Guidelines Regarding Animals on Campus
Table of Contents
North Central Michigan College is committed to providing reasonable accommodations to persons with disabilities and fulfilling obligations under State and Federal law. The following guidelines govern the use and access to service and support animals on campus by persons with disabilities. Pets are animals that fall outside the below defined categories, and are only permitted in the exterior public spaces on campus.
Pets brought to campus must be leashed at all times. Pets are prohibited in any of the campus buildings, including the Residence Halls, with the exception of animals specifically trained to assist a person with a disability. (Board Policy 413)
Individuals wishing to request a modification or exception to the procedures outlined above, as a reasonable accommodation, should contact the LSS office.
The following procedures govern the use of service animals on campus by persons with disabilities
North Central recognizes “Service Animals” as defined by the Americans with Disabilities Act Amendments Act (ADAAA). Pursuant to that law, a service animal is defined as any dog that is individually trained to do work or perform tasks for the benefit of an individual with a disability, including a physical, sensory, psychiatric, intellectual, or other mental disability.
Other species of animals, whether wild or domestic, trained or untrained, are not service animals for the purposes of this definition. The work or tasks performed by a service animal must be directly related to the handler’s disability(ies). The crime deterrent effects of an animal’s presence and the provision of emotional support, well-being, comfort, or companionship do not constitute work or tasks for the purposes of this definition.
Reasonable Modifications- Miniature Horse
North Central Michigan College shall make reasonable modifications in policies, practices, or procedures to permit the use of a miniature horse by an individual with a disability if it has been individually trained to do work or perform tasks for the benefit of the individual with a disability. Other requirements which apply to service animals shall also apply to miniature horses.
- The type, size, and weight of the miniature horse and whether the facility can accommodate these features.
- Whether the handler has sufficient control of the miniature horse.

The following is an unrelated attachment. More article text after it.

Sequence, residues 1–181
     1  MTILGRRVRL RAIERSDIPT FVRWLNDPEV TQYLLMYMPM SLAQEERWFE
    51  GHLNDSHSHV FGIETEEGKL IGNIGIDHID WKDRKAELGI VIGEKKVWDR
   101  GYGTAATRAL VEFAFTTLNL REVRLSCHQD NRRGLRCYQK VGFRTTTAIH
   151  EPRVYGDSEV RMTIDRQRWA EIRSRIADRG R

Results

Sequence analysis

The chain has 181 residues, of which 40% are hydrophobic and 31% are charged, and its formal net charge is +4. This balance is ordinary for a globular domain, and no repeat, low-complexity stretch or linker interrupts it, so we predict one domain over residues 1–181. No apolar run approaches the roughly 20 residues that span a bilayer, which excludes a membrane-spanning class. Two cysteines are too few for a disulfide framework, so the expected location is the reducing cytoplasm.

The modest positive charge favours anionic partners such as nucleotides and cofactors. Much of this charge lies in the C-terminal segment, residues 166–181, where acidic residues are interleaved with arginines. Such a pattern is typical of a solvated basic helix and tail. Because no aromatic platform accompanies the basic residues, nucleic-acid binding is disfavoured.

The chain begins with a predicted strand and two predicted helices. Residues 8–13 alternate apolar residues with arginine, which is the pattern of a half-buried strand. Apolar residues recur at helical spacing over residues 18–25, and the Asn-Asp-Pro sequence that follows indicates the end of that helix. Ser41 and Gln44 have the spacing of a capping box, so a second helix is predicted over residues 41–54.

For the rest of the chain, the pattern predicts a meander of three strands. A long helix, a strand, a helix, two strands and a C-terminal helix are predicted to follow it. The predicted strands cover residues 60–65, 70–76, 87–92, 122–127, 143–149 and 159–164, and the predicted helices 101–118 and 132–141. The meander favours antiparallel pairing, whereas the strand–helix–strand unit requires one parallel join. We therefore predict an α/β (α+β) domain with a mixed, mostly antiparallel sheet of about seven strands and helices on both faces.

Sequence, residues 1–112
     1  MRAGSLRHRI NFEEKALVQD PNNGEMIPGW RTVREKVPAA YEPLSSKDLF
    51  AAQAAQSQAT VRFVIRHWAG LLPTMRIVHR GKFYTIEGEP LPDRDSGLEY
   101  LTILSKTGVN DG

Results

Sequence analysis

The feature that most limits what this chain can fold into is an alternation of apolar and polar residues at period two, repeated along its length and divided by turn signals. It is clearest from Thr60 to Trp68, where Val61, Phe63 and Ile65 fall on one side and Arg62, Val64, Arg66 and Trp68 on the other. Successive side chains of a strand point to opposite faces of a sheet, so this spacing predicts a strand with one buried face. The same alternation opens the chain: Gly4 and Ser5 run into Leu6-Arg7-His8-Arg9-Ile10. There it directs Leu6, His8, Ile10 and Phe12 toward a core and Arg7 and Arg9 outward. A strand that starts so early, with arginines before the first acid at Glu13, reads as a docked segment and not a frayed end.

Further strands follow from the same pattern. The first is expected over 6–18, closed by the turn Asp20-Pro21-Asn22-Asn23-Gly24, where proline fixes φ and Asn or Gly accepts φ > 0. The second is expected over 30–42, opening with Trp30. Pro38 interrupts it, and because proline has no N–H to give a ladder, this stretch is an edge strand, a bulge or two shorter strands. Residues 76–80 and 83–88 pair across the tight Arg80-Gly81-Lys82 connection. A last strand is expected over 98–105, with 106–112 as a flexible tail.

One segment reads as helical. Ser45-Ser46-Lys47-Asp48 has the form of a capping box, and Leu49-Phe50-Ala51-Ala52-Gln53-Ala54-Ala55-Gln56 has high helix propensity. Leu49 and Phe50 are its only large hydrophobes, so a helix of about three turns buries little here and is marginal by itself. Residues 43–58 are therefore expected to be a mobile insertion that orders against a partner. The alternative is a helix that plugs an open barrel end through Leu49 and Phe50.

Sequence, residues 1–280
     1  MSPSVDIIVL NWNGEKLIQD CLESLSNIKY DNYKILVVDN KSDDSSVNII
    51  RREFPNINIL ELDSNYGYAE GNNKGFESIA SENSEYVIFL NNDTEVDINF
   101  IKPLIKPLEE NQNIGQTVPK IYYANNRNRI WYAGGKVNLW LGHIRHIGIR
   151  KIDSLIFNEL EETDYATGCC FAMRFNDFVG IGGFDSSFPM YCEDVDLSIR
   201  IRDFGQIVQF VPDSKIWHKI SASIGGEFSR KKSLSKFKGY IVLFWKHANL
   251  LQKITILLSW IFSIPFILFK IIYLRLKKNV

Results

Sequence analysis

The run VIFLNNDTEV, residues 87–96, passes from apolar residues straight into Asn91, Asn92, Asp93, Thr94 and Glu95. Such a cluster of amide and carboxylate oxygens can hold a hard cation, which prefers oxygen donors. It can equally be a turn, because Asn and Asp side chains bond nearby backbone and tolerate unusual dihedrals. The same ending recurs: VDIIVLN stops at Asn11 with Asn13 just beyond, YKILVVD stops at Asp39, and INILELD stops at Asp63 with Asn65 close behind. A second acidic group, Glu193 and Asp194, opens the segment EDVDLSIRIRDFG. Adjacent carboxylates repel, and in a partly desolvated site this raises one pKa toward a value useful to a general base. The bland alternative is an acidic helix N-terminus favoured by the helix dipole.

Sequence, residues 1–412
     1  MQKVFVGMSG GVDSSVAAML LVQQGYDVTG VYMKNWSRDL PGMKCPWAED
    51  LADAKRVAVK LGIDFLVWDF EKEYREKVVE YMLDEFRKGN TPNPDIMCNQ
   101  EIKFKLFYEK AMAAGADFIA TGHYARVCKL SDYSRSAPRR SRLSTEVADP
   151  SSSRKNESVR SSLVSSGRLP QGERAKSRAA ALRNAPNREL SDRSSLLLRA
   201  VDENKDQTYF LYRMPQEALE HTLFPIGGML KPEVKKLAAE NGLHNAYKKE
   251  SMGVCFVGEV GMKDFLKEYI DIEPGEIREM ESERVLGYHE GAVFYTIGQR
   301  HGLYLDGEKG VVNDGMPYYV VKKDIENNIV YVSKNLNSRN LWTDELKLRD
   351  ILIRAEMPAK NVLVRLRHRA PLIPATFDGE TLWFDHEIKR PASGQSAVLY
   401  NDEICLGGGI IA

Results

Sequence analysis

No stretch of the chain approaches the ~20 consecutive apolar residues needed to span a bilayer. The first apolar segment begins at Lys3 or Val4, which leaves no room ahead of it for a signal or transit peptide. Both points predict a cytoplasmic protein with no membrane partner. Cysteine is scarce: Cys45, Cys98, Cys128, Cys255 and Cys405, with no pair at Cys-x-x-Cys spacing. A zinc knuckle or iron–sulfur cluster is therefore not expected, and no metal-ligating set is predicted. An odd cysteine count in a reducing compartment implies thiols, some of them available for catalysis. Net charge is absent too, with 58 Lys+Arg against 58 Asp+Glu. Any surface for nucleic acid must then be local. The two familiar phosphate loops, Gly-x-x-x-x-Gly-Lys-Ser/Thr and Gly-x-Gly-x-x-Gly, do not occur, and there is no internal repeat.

- Whether the animal is housebroken
- Whether the miniature horse’s presence in a specific facility compromises legitimate safety requirements that are necessary for safe operation.
Visitors with a disability, using service animals, may access all public facilities, with the exception of areas where service animals are specifically prohibited due to safety or health restrictions, where the service animal may be in danger, or where the service animal’s use may compromise the integrity of research.
Employees with a disability who wish to use a service animal as a reasonable accommodation in an office setting or other areas of campus buildings not open to the general public must register with Learning Support Services (LSS) in the SCRC Room 533, at least 30 days before the animal is needed.
Students with a disability who wish to use a service dog in a classroom are encouraged, but not required, to register with LSS for access to resources, information, and advocacy around a range of disability-related dynamics, including service animals. Registration is mandatory for students who wish to use a miniature horse as a service animal in College facilities as a reasonable modification.
Students with a disability who wish to have a service animal in campus housing must complete the accommodation registration process in LSS. See Residence Hall considerations listed further in this document.
Service Dogs in Training
Service dogs in training are those who are 12 months or older, accompanied by a certified trainer with associated identification. These animals are permitted in the exterior public areas of the College. Trainers who wish to access interior public spaces for the purpose of training an animal must contact LSS for prior approval. Puppies are considered any dog under the age of 12 months, and do not fall within the category of service dogs in training. Animals that are not housebroken are not permitted in College buildings.
- Service animals on campus must meet state and local vaccination and licensing requirements, and have documentation on hand.
- Per the ADAAA, mandatory registration and special licensure of service animals is not permitted. Michigan has a voluntary identification card and patch available for a service animal, upon request through the Michigan Department of Civil Rights. Email: MDCR-ServiceAnimals@michigan.gov.
- The animal must be on a leash at all times, unless the leash interferes with the service animal’s work or the individual’s disability prevents the use of a leash.
- Service animals must accompany their handler at all times and be under verbal or leash control.
- Staff may request a service animal be repositioned if they are interfering with safe passage in an area, provided the service animal is not currently performing a service or task.
- Service animals may not be tied to furniture or other objects and left unattended at any time, for the safety of the animal and the safety of others.
- The handler is responsible for all care and supervision of the animal, including ensuring the immediate cleanup of all animal waste (placed in outside waste receptacles only) and for any damage caused by the animal.